BlackRock’s Abby Woodham and MSCI’s Anil Rao joined the podcast next to discuss the historic market. Given stretched valuations, geopolitical uncertainty brought about by the Russian invasion of Ukraine, inflation, rising rates, and a host of other issues have made for a challenging market.

“Our clients have been contending with a number of fast-moving challenges this year,” Woodham said. “This means that resilience has really been at the forefront for many investors.” Investors are looking for solutions beyond the traditional 60/40 portfolio and experimenting with downside protection. Low volatility funds have been quite popular this year as well.

The iShares MSCI USA Min Vol Factor ETF (USMV) is Blackrock’s flagship minimum volatility ETF. Rao believes there are several ways to reduce risk, each with its own drawbacks. “This is what we do at MSCI – identify lower risk stocks but also take into account the core relationship between stocks.” In this way, they might hold higher risk stocks with business models with built-in hedges countercyclical to another firm in the index. “Take, for example, an airline and an oil extractor. Both might be high risk independently, but one does relatively well as oil prices go up, and the other one – the airline – does well if oil does poorly, and oil prices go down. That would be reflected in their correlation.”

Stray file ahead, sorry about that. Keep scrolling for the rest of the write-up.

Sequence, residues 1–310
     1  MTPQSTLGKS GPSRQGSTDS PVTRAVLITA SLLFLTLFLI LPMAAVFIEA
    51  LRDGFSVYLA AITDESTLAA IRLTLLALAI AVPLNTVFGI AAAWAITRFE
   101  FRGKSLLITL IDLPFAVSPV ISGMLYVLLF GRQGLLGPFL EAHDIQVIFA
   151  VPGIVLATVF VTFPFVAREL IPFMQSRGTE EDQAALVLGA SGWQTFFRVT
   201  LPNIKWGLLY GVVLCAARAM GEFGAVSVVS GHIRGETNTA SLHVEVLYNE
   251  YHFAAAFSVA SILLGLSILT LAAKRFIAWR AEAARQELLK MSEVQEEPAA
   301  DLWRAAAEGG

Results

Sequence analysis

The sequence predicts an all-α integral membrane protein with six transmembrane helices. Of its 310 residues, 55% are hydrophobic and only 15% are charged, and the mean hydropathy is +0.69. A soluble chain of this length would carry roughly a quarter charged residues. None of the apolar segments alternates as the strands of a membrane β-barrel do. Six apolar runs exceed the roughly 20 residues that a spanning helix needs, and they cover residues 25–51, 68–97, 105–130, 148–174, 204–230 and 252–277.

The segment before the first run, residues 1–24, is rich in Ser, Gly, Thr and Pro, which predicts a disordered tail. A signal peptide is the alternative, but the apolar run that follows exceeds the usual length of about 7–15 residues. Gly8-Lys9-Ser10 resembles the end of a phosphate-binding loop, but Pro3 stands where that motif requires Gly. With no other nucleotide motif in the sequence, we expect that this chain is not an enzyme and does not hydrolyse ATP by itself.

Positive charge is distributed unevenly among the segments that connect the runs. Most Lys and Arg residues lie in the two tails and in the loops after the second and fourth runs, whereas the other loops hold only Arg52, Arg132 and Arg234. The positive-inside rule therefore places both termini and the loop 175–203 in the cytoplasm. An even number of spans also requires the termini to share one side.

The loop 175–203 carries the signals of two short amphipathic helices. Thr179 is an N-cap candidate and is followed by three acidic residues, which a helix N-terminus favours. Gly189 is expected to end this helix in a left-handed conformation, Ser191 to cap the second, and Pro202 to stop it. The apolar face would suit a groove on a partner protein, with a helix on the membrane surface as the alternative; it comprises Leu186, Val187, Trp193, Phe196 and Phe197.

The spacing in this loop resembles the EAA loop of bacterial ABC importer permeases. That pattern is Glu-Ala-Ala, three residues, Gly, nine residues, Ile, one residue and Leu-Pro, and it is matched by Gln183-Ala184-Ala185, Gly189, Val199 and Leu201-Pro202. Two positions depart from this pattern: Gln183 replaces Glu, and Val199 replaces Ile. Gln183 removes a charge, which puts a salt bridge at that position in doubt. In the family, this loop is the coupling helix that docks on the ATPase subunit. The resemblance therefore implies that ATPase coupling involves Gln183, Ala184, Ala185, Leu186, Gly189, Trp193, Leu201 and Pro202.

Finding Value

Distillate Capital has three ETFs currently, the Distillate US Fundamental Stability & Value ETF (DSTL), the Distillate International Fundamental Stability & Value ETF (DSTX), and the recently launched Distillate Small/Mid Cash Flow ETF (DSMC).

CEO Tom Cole joined Nate to talk about the quiet rise of DSTL, which went from $35 million AUM in 2019 to $750 million. Cole believes DSTL has really begun resonating with investors. “Value became an incredibly popular category of investing because it did better than the market,” Cole noted that if you had purchased the best value stocks between 1960 and 1990, you would have outperformed the market eight-fold over that time period. He sees the 90s as a sea change for the economy. Cole observed, “we moved from an economy driven by physical assets to one driven by intellectual assets.”

Cole sees the rise of intellectual assets as potentially obscuring on the books how valuable a company actually is as research and development become expenses incurred, even though they are the drivers of what a company is worth in the modern era.

According to Cole, Distillate funds are a return to first principal investing.

Listen to the entire episode of ETF Prime with Todd Rosenbluth: